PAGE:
By Nicole Burrowes
Nicole Burrowes is an Assistant Professor in the African and African Diaspora Studies Department at the University of Texas, Austin. Her current book project, Seeds of Solidarity, explores labour rebellions in 1930s British Guiana. Beyond academia, she has extensive experience in community organizing and documentary film. She was born in Brooklyn, New York, to Guyanese parents.
Earning a living in the sugar industry, has never quite been the sweet life, but the work has been a sustaining life force for generations of Guyanese families.
Now the sugar industry is dying.
And as this industry withers, so do prospects for former sugar workers counting on Guyana Sugar Corporation’s promises of severance packages and retraining. At the end of 2017, over 4,700 workers were laid off. There has been talk (and some movement) in relation to re-opening two of the closed estates with the intent of privatization. Meanwhile peoples’ lives hang in the balance.
As one of the ultimate emblems of the colonial project, the political and historical implications for sugar workers is all too much to bear. Consider that this industry is credited with the growth and development of the Americas and Europe. It was built on stolen lands, on the backs of enslaved and indentured people. Cane harvesters from then till now have labored under severe conditions and kept the industry alive—facing back-breaking work, muddy and disease-infested waters, long hours and low pay.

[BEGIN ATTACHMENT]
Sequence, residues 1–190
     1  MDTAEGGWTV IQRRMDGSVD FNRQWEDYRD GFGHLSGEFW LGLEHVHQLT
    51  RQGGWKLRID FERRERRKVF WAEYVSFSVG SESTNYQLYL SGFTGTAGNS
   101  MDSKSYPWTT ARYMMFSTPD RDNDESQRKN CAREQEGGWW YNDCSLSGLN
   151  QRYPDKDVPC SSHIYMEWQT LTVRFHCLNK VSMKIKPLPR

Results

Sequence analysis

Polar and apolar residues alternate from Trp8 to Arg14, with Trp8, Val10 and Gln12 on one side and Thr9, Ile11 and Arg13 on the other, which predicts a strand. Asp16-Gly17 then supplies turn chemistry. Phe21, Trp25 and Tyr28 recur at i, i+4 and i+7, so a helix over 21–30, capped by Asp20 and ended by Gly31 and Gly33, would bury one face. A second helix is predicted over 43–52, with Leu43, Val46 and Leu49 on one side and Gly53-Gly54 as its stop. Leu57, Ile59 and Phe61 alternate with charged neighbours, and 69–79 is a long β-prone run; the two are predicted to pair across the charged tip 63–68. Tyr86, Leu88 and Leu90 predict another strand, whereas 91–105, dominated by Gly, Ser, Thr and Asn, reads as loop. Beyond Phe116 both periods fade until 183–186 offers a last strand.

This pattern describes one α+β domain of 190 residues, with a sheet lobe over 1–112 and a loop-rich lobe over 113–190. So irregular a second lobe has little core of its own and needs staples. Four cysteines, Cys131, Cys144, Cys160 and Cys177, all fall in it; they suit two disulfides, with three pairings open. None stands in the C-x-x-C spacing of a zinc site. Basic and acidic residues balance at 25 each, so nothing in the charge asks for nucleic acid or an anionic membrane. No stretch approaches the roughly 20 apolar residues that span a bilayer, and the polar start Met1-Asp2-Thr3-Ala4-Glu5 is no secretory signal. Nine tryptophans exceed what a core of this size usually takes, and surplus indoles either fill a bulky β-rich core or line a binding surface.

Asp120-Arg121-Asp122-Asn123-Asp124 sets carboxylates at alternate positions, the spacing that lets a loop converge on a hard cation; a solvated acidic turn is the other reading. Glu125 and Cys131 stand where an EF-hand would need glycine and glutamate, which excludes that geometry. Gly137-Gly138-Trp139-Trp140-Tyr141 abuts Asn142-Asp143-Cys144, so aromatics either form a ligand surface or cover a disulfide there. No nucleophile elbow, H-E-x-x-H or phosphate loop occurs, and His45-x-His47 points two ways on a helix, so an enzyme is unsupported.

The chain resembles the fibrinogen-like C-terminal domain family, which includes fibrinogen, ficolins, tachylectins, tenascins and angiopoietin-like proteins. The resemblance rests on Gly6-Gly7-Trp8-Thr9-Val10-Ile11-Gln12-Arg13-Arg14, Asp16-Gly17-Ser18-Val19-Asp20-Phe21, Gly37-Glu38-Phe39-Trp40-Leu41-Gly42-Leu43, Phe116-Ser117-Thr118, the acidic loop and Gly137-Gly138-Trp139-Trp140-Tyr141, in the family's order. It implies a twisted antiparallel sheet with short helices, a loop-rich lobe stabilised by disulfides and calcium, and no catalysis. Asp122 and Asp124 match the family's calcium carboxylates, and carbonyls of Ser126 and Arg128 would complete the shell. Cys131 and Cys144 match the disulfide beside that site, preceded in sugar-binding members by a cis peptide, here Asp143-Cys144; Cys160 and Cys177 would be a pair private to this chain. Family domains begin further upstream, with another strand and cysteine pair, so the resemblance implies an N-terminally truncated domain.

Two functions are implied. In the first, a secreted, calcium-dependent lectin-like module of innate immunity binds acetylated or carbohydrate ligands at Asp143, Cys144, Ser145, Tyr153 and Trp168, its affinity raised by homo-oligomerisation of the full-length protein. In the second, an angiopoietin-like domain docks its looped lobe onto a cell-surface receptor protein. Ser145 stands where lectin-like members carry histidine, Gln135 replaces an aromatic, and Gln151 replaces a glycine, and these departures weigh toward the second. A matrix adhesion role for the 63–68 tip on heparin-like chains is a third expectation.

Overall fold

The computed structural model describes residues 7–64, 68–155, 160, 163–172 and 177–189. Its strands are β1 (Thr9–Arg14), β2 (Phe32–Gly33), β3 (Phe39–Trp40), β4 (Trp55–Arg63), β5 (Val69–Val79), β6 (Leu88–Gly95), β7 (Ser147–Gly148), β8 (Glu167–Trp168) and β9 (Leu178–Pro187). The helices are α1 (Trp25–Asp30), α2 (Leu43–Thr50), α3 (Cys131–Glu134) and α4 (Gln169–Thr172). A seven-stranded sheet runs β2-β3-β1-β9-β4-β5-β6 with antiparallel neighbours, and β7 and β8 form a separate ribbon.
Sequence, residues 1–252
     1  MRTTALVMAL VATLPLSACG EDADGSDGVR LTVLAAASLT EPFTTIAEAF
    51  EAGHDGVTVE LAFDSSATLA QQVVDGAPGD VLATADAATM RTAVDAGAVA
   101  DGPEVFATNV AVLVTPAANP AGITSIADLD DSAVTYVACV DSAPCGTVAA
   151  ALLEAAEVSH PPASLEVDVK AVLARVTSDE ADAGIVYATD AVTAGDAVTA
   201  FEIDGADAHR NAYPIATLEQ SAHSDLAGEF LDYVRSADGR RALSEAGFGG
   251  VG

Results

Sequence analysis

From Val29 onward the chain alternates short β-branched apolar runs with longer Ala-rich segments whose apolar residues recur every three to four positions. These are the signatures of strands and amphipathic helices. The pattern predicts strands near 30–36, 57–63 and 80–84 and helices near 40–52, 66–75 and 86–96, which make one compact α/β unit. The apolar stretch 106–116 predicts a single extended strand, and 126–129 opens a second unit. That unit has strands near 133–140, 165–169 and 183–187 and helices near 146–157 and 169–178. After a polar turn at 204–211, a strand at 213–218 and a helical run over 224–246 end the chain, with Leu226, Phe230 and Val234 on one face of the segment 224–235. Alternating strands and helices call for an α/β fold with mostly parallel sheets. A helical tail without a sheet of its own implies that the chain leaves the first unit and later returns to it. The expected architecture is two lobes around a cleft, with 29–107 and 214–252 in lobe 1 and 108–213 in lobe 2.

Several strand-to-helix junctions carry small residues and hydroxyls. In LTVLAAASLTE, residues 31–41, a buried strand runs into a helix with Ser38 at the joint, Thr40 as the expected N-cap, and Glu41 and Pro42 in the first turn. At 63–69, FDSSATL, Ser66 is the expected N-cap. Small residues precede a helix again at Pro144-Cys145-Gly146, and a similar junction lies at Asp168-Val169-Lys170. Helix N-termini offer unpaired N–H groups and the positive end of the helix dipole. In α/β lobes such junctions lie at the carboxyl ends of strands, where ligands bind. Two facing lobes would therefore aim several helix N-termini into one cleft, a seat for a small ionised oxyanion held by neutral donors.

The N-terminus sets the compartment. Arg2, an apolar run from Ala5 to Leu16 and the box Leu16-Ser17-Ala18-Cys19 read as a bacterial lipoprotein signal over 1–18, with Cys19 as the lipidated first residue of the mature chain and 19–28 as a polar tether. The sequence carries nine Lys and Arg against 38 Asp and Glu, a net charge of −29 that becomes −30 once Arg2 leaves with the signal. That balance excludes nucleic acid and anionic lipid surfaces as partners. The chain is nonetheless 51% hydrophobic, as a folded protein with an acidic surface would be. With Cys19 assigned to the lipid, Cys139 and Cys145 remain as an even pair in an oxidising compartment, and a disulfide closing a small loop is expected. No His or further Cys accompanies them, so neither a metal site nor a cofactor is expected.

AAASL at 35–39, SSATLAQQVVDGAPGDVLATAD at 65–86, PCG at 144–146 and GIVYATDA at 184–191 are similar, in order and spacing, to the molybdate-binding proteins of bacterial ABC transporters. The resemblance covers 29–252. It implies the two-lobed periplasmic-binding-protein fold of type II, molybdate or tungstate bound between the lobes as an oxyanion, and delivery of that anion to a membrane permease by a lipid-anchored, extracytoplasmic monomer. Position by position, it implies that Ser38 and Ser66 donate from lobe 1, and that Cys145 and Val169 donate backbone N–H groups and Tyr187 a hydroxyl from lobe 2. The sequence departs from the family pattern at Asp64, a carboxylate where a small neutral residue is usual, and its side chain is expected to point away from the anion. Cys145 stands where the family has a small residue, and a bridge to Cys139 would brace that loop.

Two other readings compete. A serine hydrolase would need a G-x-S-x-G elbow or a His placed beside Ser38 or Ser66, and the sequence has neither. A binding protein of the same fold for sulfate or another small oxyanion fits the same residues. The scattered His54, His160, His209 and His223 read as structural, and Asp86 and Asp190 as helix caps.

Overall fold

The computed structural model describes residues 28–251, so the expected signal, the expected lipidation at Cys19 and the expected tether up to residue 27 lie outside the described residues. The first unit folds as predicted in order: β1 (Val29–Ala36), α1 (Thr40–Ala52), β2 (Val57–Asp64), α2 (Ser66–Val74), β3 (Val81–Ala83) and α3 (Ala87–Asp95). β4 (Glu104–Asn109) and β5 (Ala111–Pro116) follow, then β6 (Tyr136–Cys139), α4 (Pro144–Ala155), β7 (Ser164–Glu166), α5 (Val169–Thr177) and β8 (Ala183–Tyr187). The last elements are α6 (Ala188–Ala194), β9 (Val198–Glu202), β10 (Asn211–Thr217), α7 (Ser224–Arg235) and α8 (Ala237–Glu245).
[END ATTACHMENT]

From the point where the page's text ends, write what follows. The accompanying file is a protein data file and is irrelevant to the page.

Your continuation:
Building on related histories that have been recovered by scholars and historians of the Guyanese experience, I study the 1930s with a deep desire to understand Guyana’s history, the practices of solidarity, and the living legacies of dispossession, enslavement, and indenture that plague the Americas.
As Guyana faces the last throes of a venerable industry, it is important to remember that sugar workers have long challenged the status quo just as they have depended on it to live. Our history demonstrates this, particularly during the 1930s when the colony of British Guiana felt the pangs of the Great Depression quite acutely. The country suffered from dramatic levels of unemployment, and falling sugar prices on the world market affected the colony’s most important industry. Those colonial subjects who had jobs often faced detestable working environments, low salaries, and racial discrimination. Finally, a flood in 1934 further exacerbated the precarious circumstances of people’s livelihoods.
On the East Coast of Demerara, homes, farms, and livestock were annihilated. Coming in the midst of the economic crisis, the flood condemned villagers who had previously experienced relative independence in their labor, working their own provision grounds and selling their labor as necessary, to complete dependence on the sugar industry—the largest employer in the colony—for survival.
In Essequibo, the sugar industry literally went under water.
A year later, the government was still trying to relocate 1500 families from Essequibo. The devastation to the land and the economy led Governor Geoffrey Northcote to plead with sugar industry executives to find jobs in other regions for people who had lost everything.